So there might be those out there whose strategy is to just wait this out — folks who might still be thinking to themselves, well, in a few years, this lady will be gone — (laughter) — and this whole Let’s Move thing will finally be over, so we can go back to business as usual.  And I know that none of you here are thinking that way.  (Laughter.)  But if you know anyone who is — (laughter) — you might want to remind them that I didn’t create this issue, and it’s not going to go away three and a half years from now when I’m no longer First Lady.

Obama Foodorama also posts the list of who attended.  This was a diverse group of representatives of the food industry, trade associations, media, government agencies, private organizations, and universities who sought common ground.

A few points seemed clear from the discussion:

  • Some food companies are making substantial progress in trying to reduce their marketing of less healthful foods.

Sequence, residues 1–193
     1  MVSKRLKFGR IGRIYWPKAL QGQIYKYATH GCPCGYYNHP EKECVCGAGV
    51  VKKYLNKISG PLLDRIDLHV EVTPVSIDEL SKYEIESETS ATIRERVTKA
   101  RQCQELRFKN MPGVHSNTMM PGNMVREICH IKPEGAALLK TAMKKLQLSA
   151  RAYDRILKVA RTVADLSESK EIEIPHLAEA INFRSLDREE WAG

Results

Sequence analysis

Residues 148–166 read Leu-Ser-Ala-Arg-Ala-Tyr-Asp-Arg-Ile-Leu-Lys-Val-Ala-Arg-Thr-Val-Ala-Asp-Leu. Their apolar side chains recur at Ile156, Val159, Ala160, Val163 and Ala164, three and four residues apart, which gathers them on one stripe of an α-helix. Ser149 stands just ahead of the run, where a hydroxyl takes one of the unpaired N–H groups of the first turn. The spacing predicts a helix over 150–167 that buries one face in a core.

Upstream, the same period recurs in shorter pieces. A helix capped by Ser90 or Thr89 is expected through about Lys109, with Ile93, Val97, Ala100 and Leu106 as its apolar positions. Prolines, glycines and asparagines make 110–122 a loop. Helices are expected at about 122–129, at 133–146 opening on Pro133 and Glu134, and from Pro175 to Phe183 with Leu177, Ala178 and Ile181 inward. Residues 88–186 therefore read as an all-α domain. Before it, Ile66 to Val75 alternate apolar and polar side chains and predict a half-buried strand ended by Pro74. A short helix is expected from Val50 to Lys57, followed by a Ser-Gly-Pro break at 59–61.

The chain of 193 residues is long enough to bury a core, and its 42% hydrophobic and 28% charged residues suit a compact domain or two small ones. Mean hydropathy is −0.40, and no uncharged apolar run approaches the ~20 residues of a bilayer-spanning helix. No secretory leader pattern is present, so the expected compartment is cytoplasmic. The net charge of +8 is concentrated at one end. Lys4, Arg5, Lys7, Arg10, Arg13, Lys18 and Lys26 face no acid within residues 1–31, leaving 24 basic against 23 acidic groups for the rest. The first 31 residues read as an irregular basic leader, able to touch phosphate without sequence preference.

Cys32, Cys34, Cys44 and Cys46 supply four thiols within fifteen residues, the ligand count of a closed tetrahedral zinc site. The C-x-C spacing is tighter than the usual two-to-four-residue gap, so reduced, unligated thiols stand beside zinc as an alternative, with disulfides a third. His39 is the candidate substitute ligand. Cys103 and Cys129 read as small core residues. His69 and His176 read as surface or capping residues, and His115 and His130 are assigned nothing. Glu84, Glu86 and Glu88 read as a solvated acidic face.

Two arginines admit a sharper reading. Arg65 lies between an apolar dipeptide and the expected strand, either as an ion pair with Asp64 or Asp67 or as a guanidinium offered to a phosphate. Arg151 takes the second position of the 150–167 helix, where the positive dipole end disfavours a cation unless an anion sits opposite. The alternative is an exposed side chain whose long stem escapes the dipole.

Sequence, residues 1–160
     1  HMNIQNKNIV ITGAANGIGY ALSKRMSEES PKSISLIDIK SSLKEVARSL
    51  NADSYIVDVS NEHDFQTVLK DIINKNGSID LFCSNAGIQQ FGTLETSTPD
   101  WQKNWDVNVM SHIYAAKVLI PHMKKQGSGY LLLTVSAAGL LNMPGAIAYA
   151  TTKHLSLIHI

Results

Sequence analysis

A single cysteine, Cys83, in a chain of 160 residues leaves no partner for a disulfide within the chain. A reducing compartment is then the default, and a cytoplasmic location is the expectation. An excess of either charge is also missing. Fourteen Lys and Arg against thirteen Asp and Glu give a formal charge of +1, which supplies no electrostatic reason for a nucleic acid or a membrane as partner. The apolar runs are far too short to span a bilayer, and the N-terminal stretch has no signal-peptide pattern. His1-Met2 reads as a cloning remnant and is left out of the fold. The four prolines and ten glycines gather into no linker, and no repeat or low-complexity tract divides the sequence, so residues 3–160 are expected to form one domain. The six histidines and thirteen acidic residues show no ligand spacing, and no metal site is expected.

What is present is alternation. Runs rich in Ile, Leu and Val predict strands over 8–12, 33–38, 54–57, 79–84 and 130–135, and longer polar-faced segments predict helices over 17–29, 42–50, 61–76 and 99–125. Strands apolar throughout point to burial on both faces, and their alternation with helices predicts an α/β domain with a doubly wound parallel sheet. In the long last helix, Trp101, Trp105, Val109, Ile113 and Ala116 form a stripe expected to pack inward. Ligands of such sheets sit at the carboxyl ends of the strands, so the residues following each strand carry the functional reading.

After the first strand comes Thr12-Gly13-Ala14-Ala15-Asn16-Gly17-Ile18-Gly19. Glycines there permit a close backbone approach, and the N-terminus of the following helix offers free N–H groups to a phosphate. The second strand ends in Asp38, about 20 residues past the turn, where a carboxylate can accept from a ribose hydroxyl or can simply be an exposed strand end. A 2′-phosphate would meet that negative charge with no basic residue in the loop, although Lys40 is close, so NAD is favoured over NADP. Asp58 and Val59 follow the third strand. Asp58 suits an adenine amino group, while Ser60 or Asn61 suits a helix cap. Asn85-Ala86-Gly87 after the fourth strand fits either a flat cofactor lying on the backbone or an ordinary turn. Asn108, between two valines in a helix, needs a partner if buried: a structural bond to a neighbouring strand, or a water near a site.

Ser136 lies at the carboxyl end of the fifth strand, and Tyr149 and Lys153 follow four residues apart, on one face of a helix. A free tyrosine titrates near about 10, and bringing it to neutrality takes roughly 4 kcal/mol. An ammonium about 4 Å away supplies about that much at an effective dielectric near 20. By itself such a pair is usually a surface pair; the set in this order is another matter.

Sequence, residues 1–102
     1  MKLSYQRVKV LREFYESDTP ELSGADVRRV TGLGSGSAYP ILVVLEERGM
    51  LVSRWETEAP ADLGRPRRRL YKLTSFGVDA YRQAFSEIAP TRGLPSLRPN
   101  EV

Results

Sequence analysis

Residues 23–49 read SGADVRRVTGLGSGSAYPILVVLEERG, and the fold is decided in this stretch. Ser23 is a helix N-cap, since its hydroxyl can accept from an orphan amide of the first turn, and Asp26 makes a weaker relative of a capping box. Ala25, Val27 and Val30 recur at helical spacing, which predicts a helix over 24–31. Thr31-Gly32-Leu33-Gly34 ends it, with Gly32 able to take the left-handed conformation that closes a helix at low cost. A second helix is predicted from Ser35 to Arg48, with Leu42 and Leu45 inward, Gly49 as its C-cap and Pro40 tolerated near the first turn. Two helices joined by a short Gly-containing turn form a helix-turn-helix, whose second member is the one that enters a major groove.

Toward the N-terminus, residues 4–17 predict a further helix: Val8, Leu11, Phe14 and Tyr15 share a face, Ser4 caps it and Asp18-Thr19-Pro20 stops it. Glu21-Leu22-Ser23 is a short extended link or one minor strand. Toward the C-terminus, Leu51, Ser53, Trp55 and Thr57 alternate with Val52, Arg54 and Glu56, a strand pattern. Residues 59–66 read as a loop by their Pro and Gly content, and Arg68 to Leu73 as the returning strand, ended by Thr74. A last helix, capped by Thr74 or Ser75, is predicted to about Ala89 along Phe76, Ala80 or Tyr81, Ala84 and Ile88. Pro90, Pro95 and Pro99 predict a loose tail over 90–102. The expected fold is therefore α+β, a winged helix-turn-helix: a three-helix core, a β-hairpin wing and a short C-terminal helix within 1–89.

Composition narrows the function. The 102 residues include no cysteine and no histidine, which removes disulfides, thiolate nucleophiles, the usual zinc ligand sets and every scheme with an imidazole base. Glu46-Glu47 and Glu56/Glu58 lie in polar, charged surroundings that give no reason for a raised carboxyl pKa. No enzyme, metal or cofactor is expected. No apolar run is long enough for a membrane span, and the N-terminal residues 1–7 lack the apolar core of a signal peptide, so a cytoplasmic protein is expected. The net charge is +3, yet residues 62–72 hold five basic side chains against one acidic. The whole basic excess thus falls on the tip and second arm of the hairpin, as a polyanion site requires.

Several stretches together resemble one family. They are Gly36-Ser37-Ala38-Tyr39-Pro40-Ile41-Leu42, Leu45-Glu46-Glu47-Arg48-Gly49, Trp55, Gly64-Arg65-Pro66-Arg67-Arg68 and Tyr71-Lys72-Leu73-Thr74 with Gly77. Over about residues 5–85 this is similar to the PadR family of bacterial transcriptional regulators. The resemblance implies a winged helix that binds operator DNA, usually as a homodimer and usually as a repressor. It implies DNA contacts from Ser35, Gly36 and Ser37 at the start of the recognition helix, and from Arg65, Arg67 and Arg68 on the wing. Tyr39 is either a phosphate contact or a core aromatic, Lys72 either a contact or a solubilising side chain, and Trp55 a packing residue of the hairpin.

• Advocates wish they would do more, faster.
  • The business barriers are formidable.

I think it’s wonderful that the First Lady is taking on this critical topic, impressive that such diverse opinions were represented, and remarkable that this meeting, if nothing else, holds the possibility of opening the door to further discussion.

An open door is needed.  As Bill Dietz, a former CDC official who was at the meeting, told FoodNavigator: “the food industry has repeatedly thwarted federal efforts to curb food marketing to kids.”

Center for Science in the Public Interest has some suggestions for what the next steps should be.

Cheers to Let’s Move! for taking this on.

Sep 18 2013

New books on food: San Francisco

Erica Peters.  San Francisco: A Food Biography.  Rowman & Littlefield, 2013.

For anyone curious about how San Francisco’s foods and restaurants became world-recognized icons of American regional cuisine, this book is a welcome starting place.

It’s one of a collection of books in the AltaMira Studies in Food and Gastronomy, edited by the prolific Ken Albala.  Readers may argue about Peters’ choice of topics to discuss—she left out some of my favorites—but the book is a great way to begin to delve into the city’s food history.  It’s well referenced and is wonderfully illustrated with photographs from historical collections (but alas, most of them are undated).